Utah House will debate bill defining where transgender inmates can be housed in jail
A bill that would restrict where incarcerated transgender people can and cannot be inside Utah prisons and jails is headed to the House for debate. Members of the House Judiciary Committee advanced it along a party line 6-2 vote.
HB316 would prohibit the Department of Corrections or a county jail from “assigning inmates of the opposite biological sex in the same housing area,” which includes any section of the facility where an incarcerated individual “is assigned to sleep, recreate, study, or interact with other inmates.”
In practice, it would bar a transgender woman from accessing the female wing of a jail or prison. A transgender man would also not be allowed inside the male section of a jail or prison.
During the committee hearing, bill sponsor Republican Rep. Karianne Lisonbee, said the measure “promotes safety, security and privacy for Utah’s inmates.”
“The Department of Corrections and county sheriffs have been placed in difficult situations when determining where an inmate can and should be housed, when an inmate requests to be housed with the opposite sex,” she said. “I am aware of one case in which the inmate had perpetrated violent crimes against members of the opposite biological sex, and later requested to be housed with inmates of the opposite sex.”
Lisonbee added the bill provides “clear statutory authority and guidance” on how to go about placing a transgender inmate and stops “bad actors” from taking advantage of “ a lack of clarity” that puts “inmates and correctional facility staff at risk.”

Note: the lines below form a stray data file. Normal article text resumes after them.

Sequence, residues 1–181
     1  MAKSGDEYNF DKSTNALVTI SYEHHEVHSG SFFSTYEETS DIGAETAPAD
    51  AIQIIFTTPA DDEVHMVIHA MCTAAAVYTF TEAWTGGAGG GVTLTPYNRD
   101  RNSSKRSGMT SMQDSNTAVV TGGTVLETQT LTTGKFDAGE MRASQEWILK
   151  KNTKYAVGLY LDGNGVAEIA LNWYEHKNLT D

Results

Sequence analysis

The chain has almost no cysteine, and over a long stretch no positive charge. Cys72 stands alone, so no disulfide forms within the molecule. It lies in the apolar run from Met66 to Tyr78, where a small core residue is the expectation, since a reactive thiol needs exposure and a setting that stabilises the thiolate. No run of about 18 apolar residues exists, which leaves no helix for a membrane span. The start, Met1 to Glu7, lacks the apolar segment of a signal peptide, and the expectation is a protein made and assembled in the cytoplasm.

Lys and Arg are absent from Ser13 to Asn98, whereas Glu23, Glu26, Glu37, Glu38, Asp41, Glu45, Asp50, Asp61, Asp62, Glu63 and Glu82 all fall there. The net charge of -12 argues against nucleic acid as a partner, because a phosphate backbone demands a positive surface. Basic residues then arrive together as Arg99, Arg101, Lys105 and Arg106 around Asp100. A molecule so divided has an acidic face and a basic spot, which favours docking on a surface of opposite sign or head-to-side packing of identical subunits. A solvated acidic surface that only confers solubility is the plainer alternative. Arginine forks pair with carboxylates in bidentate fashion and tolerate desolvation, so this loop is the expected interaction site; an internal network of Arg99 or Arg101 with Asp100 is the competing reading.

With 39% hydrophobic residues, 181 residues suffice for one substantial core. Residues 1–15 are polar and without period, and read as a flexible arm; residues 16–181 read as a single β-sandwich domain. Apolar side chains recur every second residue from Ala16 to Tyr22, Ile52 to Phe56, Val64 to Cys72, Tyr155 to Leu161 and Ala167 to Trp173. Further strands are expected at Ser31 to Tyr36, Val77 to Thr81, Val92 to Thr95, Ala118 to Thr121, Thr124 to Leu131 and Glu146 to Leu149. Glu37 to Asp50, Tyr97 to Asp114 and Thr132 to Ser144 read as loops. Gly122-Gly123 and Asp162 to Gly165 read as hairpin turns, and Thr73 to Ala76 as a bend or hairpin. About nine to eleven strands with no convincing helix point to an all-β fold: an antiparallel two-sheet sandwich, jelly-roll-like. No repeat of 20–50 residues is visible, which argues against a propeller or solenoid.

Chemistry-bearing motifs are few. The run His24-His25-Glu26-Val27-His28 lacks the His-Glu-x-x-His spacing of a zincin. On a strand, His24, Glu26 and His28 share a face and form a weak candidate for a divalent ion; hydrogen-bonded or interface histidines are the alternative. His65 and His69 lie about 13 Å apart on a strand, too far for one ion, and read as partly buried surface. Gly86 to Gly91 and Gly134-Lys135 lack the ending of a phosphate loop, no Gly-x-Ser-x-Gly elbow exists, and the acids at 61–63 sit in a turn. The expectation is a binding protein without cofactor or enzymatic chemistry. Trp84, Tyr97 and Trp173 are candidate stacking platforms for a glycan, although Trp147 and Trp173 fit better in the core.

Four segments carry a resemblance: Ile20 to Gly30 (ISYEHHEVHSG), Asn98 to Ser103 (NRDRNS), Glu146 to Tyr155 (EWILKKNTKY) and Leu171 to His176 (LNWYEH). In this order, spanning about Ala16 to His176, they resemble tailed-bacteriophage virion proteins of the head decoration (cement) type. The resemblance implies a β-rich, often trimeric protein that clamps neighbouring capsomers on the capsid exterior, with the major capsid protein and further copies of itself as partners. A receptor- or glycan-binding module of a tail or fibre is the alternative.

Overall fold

LGBTQ+ advocacy group Equality Utah opposes the bill. Policy director Marina Lowe told the committee there are safety concerns for incarcerated transgender people, explaining they “experience a disproportionately high rate of sexual assaults inside prisons.” The 2015 U.S. Transgender Survey found that transgender people are 10 times more likely to be assaulted by fellow inmates and five times more likely to be assaulted by staff compared to the general inmate population.
“Given this fact, we believe that housing assessments should never be made solely based on external anatomy,” Lowe said. “We also believe that a transgender inmate's own view of his or her safety should always be taken into serious consideration in these determinations.”
Lisonbee said there is a “pathway” in the bill for transgender people to be housed in the sex-designated section of the jail that aligns with their gender identity.
A transgender person who submits a request to be relocated would need to undergo a “security analysis” to determine a low risk of “causing harm to the inmates in the unit, the correctional facility staff, or the transgender inmate, disruption to the correctional facility management [and] overall security issues.”
“And if there is no evidence that the transgender inmate is claiming a gender identity or expression that does not correspond with their biological sex just to be placed in different housing.”